|Publication Type||Journal Article|
|Year of Publication||2014|
|Authors||Wawer, MJ, Li, K, Gustafsdottir, SM, Ljosa, V, Bodycombe, NE, Marton, MA, Sokolnicki, KL, Bray, MA, Kemp, MM, Winchester, E, Taylor, B, Grant, GB, Hon, CS, Duvall, JR, Wilson, JA, Bittker, JA, Dančík, V, Narayan, R, Subramanian, A, Winckler, W, Golub, TR, Carpenter, AE, Shamji, AF, Schreiber, SL, Clemons, PA|
|Journal||Proceedings of the National Academy of Sciences of the United States of America|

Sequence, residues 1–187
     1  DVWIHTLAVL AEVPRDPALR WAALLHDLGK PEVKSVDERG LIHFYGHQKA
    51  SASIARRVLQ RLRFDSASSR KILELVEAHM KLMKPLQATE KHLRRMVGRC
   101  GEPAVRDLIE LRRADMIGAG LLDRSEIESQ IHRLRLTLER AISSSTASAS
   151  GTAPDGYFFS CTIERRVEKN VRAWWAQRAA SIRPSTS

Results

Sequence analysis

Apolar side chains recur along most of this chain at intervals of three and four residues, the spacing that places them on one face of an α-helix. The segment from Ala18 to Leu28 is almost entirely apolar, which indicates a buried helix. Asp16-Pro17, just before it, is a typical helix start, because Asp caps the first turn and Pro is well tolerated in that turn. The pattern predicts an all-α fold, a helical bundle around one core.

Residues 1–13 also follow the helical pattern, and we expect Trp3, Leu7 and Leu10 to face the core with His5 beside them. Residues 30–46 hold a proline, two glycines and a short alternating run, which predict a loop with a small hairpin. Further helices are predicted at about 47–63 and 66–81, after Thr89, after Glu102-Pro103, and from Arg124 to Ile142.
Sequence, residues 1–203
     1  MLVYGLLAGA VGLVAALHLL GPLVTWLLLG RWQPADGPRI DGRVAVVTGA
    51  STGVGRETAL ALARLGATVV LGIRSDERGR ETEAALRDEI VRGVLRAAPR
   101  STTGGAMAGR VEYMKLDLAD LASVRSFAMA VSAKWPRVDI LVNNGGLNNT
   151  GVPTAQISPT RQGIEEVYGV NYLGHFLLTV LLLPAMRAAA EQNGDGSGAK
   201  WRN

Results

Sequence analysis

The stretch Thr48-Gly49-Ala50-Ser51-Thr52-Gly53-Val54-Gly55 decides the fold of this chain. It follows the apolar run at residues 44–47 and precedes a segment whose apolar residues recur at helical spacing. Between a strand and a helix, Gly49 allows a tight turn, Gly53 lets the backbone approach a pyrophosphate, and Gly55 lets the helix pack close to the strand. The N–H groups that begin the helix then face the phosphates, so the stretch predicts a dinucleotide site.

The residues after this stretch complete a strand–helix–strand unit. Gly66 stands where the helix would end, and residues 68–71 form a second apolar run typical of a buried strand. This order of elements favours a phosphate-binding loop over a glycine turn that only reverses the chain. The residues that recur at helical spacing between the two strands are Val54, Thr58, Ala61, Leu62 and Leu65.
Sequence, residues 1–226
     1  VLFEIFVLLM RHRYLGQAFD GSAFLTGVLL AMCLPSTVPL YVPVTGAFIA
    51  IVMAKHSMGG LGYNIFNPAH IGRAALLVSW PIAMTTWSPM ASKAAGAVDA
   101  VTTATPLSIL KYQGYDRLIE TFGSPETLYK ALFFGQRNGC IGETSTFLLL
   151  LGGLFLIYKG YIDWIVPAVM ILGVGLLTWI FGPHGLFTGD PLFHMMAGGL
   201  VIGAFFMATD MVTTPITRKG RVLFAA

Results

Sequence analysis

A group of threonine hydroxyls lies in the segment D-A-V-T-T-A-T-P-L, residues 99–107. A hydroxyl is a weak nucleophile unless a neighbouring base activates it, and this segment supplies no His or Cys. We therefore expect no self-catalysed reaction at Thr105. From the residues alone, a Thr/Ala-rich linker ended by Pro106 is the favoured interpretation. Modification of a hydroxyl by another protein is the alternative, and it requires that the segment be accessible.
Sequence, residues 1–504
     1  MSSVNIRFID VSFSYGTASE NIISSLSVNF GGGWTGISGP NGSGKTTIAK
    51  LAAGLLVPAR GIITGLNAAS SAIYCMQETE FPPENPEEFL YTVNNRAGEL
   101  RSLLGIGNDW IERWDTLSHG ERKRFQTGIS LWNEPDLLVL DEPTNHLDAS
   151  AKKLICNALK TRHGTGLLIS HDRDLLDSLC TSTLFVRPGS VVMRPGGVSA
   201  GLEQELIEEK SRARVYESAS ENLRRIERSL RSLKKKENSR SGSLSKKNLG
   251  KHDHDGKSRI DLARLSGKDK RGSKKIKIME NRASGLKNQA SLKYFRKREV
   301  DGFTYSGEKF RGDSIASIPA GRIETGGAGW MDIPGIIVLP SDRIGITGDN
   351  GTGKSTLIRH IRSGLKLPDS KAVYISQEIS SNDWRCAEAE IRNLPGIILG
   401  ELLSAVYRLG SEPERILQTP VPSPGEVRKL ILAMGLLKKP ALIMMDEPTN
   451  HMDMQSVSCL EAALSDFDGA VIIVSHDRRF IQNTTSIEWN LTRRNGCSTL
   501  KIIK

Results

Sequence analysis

High-throughput screening has become a mainstay of small-molecule probe and early drug discovery. The question of how to build and evolve efficient screening collections systematically for cell-based and biochemical screening is still unresolved. It is often assumed that chemical structure diversity leads to diverse biological performance of a library. Here, we confirm earlier results showing that this inference is not always valid and suggest instead using biological measurement diversity derived from multiplexed profiling in the construction of libraries with diverse assay performance patterns for cell-based screens. Rather than using results from tens or hundreds of completed assays, which is resource intensive and not easily extensible, we use high-dimensional image-based cell morphology and gene expression profiles. We piloted this approach using over 30,000 compounds. We show that small-molecule profiling can be used to select compound sets with high rates of activity and diverse biological performance.